8. Storrs, K. R. & Arnold, D. H. (2015, May). Faces are repulsive: gender and identity aftereffects involve local repulsion, not re-normalisation. Poster presented at the Vision Sciences Society conference, St Petersburg, Florida.
  9. Storrs, K. R. (2014, December). No evidence from visual aftereffects for norm-based representation of orientations, shapes, or faces. Talk presented at the UQ School of Psychology Centre for Perception and Cognitive Neuroscience workshop, Stradbroke Island, Australia.
  10. Storrs, K. R. (2014, August). A new psychophysical test of norm-based opponent coding in face perception. Poster presented at the European Summer School on Visual Neuroscience, Rauischholzhausen, Germany.
  11. Storrs, K. R. & Arnold, D. H. (2014, May). Shape aftereffects reflect shape constancy operations: appearance matters. Poster presented at the Vision Sciences Society conference, St Petersburg, Florida.
  12. Spence, M., Storrs, K. R., & Arnold, D. H. (2014, May). Why the long face? the critical role of vertical configural relations in face ’barcodes’ for recognition. Poster presented at the Vision Sciences Society conference, St Petersburg, Florida.
  13. Storrs, K. R. (2014, May). Tilt normalisation may be explained by pre-adaptation to natural orientation statistics. Talk presented at the ModVis workshop, St Petersburg, Florida.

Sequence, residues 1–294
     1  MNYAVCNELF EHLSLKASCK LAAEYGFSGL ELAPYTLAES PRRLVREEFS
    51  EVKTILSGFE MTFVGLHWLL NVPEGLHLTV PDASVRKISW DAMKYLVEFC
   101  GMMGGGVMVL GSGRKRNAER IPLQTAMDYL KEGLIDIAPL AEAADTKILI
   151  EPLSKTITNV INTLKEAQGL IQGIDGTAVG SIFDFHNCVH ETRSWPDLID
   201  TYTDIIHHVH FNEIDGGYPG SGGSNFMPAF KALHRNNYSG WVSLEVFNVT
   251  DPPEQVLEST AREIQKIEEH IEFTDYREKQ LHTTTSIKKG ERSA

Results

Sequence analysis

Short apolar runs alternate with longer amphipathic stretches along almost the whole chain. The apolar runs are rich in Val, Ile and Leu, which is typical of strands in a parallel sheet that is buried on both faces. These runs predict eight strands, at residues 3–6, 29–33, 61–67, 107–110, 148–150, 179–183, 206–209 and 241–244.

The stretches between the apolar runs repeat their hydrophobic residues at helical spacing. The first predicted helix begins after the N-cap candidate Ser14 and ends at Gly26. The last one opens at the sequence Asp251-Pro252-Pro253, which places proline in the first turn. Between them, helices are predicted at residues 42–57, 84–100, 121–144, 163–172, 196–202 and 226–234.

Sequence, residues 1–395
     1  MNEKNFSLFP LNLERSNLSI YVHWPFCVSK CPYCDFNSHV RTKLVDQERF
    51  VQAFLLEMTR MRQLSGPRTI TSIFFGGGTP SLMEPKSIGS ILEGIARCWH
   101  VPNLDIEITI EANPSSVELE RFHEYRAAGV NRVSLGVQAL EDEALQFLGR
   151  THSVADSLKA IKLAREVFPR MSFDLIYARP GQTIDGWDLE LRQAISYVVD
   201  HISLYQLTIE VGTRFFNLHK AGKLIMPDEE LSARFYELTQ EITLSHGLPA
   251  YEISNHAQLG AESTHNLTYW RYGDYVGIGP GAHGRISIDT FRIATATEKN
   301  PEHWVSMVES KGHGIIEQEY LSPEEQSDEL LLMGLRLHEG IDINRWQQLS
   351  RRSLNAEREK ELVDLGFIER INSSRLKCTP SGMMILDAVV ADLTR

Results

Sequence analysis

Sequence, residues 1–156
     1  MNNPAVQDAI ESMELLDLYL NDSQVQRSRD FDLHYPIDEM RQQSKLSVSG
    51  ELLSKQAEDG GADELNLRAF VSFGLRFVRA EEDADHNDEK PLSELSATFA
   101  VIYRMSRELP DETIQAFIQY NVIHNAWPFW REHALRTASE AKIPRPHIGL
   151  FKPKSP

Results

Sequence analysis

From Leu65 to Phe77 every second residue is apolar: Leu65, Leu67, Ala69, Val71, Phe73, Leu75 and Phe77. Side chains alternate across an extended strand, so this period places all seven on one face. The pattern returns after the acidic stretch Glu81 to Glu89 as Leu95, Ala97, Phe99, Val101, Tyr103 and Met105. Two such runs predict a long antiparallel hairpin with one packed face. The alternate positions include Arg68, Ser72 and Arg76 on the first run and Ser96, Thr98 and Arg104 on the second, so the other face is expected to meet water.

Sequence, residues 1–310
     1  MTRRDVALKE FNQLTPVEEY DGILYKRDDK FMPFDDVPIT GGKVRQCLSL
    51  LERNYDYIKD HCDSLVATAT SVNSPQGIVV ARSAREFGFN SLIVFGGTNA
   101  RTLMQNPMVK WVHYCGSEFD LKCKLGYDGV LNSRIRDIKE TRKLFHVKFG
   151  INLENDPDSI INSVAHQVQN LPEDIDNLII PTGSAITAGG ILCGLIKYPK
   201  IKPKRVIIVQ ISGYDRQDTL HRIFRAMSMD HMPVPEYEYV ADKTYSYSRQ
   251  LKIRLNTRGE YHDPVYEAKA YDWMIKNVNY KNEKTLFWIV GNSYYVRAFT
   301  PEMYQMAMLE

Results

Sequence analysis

14. Storrs, K. R. & Arnold, D. H. (2013, December). Shape aftereffects are more than meets the eye. Talk presented at the AVA Christmas meeting, Leuven, Belgium.
  15. Storrs, K. R. & Arnold, D. H. (2013, August). Evidence for tilt normalisation may be explained by anisotropic orientation channels. Poster presented at the European Conference on Visual Perception, Bremen, Germany.
  16. Storrs, K. R. & Arnold, D. H. (2013, April). The shape aftereffect: appearance matters. Talk presented at the Experimental Psychology Conference, Adelaide, Australia.
  17. Storrs, K. R. & Arnold, D. H. (2012, November). Shape aftereffects reflect a weighted function of retinal and surface slant information. Talk presented at the Australian Cognitive Neuroscience Conference, Brisbane, Australia.
  18. Storrs, K. R. & Arnold, D. H. (2012, May). Not all face aftereffects are equal. Poster presented at the Vision Sciences Society conference, Naples, Florida.
  19. Storrs, K. R. & Arnold, D. H. (2012, April). Not all face aftereffects are equal. Talk presented at the Experimental Psychology Conference, Sydney, Australia.
  20. Storrs, K. R. (2011, December). Not all high-level aftereffects are equal (and perhaps none is opponent coded). Talk presented at the UQ School of Psychology Centre for Perception and Cognitive Neuroscience workshop, Stradbroke Island, Australia.
  21. Greenaway, K. H., Philipp, M. C., & Storrs, K. R. (2011, July). Explaining the control–aggression effect: the case against a failure of self regulation. Talk presented at the Small Group Meeting on The Application of Self-Regulation Approaches to Social Psychological Phenomena, Stockholm, Sweden.
  22. Greenaway, K. H., Philipp, M. C., & Storrs, K. R. (2011, July). Social consequences of lacking control: possible neural pathways. Poster presented at The Nature of Prejudice: A Neuroscience Perspective colloquium, Amsterdam, the Netherlands.
  23. Storrs, K. R., Diamond, A., & Arnold, D. H. (2011, May). Face aftereffects – evidence opposing opponent coding. Poster presented at the Vision Sciences Society conference, Naples, Florida.